During the Boer War he served first in Murray's Scouts and then as a Lieutenant (Interpreter) in the Field Intelligence Department. After the war, he lead a quieter life in government service in various capacities, including as Magistrate. He was Chief Leader of the Weenen Militia Reserves, so kept his links with the military as well. Records of him stop in 1909, except for his Death Notice in 1923. This notice usually includes date and place of birth, so that should provide a conclusive link to your article.

I have requested copies of most the Archives' files so in due course I will be able to add more details of Ingram's life for the period after your article ends.

I would be grateful if you would tell me the source of your article, so it can be properly acknowledged in my files.

Thank you again.

Regards
Brett
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90th

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PostSubject: Joseph Forsyth Ingram    Sat Nov 17, 2012 10:36 am

Hi Brett / John
Do either of you know which unit Ingram was part of during the AZW ?.
Cheers 90th.
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John

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PostSubject: Re: Joseph Forsyth Ingram   Sat Nov 17, 2012 1:05 pm

Brett. Click on link below.

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PostSubject: Re: Joseph Forsyth Ingram   Sat Nov 17, 2012 1:22 pm

John

Many thanks for the link. The Tatham Art Gallery is a 30 minute drive from where I live, so you have given me a second big surprise today!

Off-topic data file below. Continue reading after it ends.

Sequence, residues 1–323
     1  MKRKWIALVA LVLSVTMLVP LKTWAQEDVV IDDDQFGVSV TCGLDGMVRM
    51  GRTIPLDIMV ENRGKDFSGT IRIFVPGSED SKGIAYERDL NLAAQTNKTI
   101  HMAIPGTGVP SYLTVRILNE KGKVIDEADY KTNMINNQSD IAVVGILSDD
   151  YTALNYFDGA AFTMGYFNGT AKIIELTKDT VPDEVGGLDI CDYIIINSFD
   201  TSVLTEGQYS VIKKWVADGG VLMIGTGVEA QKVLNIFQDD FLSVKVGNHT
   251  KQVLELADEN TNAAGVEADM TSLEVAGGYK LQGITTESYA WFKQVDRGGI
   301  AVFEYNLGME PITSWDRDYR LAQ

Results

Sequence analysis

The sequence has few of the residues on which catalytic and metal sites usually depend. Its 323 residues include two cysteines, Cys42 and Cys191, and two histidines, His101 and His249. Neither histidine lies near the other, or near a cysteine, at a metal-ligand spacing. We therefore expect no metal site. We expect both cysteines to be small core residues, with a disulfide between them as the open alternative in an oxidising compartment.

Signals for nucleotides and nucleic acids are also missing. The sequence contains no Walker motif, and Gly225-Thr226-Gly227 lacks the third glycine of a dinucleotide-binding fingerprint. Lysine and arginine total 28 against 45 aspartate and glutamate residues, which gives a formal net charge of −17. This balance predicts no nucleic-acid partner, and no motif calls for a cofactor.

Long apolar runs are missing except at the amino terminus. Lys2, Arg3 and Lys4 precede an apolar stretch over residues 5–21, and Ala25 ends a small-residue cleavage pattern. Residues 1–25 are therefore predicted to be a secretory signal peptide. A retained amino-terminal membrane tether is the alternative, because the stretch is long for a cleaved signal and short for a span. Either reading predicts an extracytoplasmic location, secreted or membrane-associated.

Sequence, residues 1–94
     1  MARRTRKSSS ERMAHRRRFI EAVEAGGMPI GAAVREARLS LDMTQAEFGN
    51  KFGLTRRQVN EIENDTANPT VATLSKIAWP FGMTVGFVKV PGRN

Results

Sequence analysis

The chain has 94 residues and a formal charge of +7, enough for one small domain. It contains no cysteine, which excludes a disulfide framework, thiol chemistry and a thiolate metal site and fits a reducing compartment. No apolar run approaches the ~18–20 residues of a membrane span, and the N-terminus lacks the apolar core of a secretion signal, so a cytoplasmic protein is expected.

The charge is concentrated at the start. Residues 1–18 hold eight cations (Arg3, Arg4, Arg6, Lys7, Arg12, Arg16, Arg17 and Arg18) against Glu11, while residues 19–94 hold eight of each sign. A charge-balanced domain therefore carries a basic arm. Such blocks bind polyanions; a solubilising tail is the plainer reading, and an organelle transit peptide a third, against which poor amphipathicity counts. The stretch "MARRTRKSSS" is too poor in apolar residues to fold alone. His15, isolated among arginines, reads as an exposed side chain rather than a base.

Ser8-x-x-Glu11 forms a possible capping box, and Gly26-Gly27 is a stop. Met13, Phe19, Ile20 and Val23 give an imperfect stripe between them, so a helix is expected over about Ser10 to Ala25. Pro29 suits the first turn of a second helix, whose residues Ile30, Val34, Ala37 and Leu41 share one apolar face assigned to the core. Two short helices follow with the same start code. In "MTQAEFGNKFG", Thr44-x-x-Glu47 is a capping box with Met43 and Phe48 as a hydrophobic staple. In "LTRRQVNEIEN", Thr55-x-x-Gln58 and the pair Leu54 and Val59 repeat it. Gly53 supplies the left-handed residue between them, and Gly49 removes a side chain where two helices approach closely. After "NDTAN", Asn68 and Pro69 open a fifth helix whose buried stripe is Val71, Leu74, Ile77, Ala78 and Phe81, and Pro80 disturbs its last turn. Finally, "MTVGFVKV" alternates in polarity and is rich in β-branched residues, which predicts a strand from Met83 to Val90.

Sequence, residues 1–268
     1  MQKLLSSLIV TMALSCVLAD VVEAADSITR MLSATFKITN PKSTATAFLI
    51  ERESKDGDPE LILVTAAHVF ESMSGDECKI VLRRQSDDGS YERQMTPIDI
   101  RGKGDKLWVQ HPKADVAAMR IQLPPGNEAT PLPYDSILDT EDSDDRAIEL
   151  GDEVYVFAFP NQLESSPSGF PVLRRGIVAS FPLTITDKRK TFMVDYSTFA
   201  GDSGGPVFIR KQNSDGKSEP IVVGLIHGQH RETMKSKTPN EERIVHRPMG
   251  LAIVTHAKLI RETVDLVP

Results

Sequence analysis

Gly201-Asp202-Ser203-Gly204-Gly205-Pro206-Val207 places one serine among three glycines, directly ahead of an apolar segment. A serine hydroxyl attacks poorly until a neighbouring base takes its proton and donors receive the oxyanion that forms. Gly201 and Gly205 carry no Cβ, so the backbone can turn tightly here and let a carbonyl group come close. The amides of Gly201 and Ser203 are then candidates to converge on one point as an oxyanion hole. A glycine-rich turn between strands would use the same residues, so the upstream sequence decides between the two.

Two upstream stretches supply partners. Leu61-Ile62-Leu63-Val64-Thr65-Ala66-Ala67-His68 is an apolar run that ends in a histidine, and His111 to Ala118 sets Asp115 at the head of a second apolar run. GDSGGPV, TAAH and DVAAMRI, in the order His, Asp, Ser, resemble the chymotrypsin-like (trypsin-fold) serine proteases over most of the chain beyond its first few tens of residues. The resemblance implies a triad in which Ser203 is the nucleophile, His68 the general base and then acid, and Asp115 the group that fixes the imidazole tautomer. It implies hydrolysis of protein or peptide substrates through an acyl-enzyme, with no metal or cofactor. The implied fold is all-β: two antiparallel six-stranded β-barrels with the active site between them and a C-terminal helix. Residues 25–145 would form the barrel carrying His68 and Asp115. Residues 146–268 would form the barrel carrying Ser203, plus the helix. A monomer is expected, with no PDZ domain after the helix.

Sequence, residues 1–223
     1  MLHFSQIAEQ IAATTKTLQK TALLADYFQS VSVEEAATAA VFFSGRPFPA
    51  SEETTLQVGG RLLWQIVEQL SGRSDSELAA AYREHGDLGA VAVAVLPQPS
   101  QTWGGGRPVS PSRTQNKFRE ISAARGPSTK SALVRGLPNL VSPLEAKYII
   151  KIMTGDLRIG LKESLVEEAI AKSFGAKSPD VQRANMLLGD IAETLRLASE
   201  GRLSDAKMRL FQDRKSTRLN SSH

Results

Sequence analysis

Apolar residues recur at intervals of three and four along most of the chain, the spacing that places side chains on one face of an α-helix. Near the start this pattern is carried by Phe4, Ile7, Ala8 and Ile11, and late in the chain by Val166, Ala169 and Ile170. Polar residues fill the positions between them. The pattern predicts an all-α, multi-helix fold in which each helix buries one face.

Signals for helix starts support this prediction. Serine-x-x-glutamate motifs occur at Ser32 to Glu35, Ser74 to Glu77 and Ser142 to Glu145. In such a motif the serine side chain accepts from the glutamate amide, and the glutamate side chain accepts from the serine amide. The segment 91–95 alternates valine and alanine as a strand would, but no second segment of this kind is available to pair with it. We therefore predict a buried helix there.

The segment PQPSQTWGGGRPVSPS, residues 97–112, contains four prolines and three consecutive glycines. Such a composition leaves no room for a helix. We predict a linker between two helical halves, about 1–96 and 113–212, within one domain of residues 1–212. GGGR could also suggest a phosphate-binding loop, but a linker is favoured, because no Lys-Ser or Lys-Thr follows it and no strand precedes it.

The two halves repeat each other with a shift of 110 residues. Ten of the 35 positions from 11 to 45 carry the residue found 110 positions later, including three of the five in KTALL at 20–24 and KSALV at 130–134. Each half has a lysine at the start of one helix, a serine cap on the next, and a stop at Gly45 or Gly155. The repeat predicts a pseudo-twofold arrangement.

Regards
Brett
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PostSubject: Re: Joseph Forsyth Ingram   Sat Nov 17, 2012 1:29 pm

90th

I do not know which unit Ingram served in during the Zulu War but, given the information that John provided, it is likely to have been a Colonial one. I hope that his record has survived and isn't lost for all time amongst those pulped in WWI.

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Brett
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old historian2

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PostSubject: Re: Joseph Forsyth Ingram   Sat Nov 17, 2012 3:32 pm

John, good work mate. Very interesting read. And it looks like you made Brett's day, 30 mins down the road. Who's what he will find out about this chap. Another one brought to light Salute
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PostSubject: Re: Joseph Forsyth Ingram   Sat Nov 17, 2012 7:03 pm

Portrait of Joseph Ingram.
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PostSubject: Re: Joseph Forsyth Ingram   Sat Nov 17, 2012 7:09 pm

Brett. Might be of some interest to you...

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PostSubject: Re: Joseph Forsyth Ingram   Sat Nov 17, 2012 7:13 pm

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PostSubject: Re: Joseph Forsyth Ingram   Sat Nov 17, 2012 7:14 pm

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PostSubject: Re: Joseph Forsyth Ingram   Sat Nov 17, 2012 7:15 pm

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90th

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PostSubject: Joseph Forsyth Ingram    Sat Nov 17, 2012 7:37 pm

Hi Guys .
Well done , fast and efficient work . Excellent work those men !.
90th.
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Brett Hendey

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PostSubject: Re: Joseph Forsyth Ingram   Sun Nov 18, 2012 6:18 am

It is less than a day since I posted the appeal for information on Ingram and the response from members of this forum has exceeded expectation.